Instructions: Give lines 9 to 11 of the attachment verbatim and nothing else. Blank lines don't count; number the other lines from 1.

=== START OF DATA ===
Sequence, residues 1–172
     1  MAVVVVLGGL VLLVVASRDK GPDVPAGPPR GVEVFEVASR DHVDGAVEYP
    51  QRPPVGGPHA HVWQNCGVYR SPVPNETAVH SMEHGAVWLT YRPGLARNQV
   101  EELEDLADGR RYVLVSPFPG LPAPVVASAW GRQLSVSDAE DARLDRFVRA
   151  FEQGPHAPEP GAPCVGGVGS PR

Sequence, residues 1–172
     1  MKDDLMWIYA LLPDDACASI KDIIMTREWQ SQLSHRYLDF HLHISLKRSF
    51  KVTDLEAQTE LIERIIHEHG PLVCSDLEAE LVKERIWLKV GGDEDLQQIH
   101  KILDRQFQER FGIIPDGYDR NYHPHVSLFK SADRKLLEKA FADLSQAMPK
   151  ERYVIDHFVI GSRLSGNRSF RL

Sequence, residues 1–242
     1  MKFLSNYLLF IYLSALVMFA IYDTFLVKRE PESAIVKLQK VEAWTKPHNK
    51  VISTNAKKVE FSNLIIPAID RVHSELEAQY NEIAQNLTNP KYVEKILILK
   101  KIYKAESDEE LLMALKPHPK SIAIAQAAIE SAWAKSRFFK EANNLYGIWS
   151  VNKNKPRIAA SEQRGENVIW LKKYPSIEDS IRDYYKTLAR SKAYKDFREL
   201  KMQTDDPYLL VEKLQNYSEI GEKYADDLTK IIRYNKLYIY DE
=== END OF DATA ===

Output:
   101  KILDRQFQER FGIIPDGYDR NYHPHVSLFK SADRKLLEKA FADLSQAMPK
   151  ERYVIDHFVI GSRLSGNRSF RL

Sequence, residues 1–242